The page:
Review – Lamborghini Huracán Tecnica (2023)
Even in the segment where only the super-rich can shop, electrification is the order of the day. That’s not even talking about all-electric models like the Rimac Nevera, but cars from traditional supercar makers, which are also going to be plugged in. Think of the McLaren Artura and Ferrari SF90 as well as 296 GTB, all three plug-in hybrids. Insane cars, which, thanks to electric assistance, leave the stoplight faster than ever. But they can’t make us forget the raw, pure sound of an unblown V10.
Successor Lamborghini Huracán
Fortunately, you can still turn to Lamborghini for a dose of old-fashioned V10 violence. Not that the Italian brand is not moving with the times. The Huracán will get a successor in 2025, which will be partly electric. They have to, if the Italians want to keep selling cars in Europe. But not to worry, the Huracán successor will get a V8, unlike its competitors, the Ferrari 296 GTB and McLaren Artura, both of which go through life with a V6.
Anyway, it’s not that far off yet. Before the brand finally hangs up the V10, it will first introduce two new versions of the Huracán: the Tecnica and the Sterrato. The latter is an off-road study model, which the brand will market in a limited edition in 2023. Then – after ten years of production – it was definitely over for the Huracán. Until then, the brand also builds the Tecnica, which has been on the market since 2022.
EVO – Tecnica – STO
As a result, the Lamborghini Huracán lineup currently looks as follows: the “entry-level” is the Huracán EVO, which is available with all-wheel and rear-wheel drive, with or without a roof. The top model is the Huracán STO, which can be thought of as a street-legal racing version. In between, the brand positions the Tecnica. It is between the two models in terms of comfort, but not in terms of specifications. Indeed, like the STO, the Tecnica boasts 640 hp and 656 Nm. Sufficiently so.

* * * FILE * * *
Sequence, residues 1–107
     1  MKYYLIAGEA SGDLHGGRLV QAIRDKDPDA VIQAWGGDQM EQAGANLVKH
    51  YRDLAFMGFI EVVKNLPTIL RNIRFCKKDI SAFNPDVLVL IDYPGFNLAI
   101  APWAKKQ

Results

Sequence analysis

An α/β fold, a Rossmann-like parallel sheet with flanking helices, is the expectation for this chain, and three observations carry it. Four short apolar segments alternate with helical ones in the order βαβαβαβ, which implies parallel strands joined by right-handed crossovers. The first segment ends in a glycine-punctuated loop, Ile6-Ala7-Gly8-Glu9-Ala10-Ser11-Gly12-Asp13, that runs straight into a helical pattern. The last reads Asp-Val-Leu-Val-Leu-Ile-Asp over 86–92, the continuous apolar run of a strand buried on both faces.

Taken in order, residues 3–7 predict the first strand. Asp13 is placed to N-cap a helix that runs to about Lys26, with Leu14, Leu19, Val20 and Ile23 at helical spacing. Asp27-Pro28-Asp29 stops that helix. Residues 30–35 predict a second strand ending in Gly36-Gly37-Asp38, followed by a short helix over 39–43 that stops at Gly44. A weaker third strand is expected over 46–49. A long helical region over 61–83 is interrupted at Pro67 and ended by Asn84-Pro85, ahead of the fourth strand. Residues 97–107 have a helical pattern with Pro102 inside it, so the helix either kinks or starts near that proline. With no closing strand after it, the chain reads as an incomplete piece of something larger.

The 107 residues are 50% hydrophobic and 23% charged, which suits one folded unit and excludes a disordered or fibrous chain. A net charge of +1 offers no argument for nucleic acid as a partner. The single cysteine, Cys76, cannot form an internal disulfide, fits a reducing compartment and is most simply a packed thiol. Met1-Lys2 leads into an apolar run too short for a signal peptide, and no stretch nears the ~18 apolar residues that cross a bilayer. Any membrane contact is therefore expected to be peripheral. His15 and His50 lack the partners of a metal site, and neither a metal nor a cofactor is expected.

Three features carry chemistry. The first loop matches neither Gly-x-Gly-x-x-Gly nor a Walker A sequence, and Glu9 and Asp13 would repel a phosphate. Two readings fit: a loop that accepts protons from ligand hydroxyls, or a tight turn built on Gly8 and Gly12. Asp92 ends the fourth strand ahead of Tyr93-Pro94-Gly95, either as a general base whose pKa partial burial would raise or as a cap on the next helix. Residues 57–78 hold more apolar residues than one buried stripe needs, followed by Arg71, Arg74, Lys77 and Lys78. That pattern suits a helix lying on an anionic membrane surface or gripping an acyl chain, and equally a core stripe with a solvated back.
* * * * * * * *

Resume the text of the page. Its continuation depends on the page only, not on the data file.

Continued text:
You recognize the Tecnica right away. The designers redesigned the front almost entirely. The front bumper is even sharper and features a special Y-design element, which is a nod to the Lamborghini Sián. There are also a host of new aerodynamic elements, such as a new splitter that sends cool air to the radiators and carbon-ceramic brakes, or simply routes it around the car.
The rear bumper is also trimmed and features an eye-catching diffuser and two fist-thick cooling vents that can fit almost your entire arm. This is where heat can escape from the engine compartment. Thanks to the new bumper work, the Tecnica is 6.1 centimeters longer than a Huracán Evo. Two hexagonal exhaust pipes protrude from the rear like defenses, and a fixed spoiler provides 35 percent more downforce compared to the Evo, but with 20 percent less drag.
The rear bumper is taken in a bit on the sides, so more rubber from the Bridgestone rear tires is visible from behind. That adds nothing to the car’s aerodynamics, but looks nice and fat, according to the Italians. We’re paraphrasing a bit, but that’s the bottom line. The monstrous Potenza Sport slippers are visible almost throughout. Looking for even more grip, Lamborghini puts Potenza Race tires on the 21-inch rims.
Ordine di accensione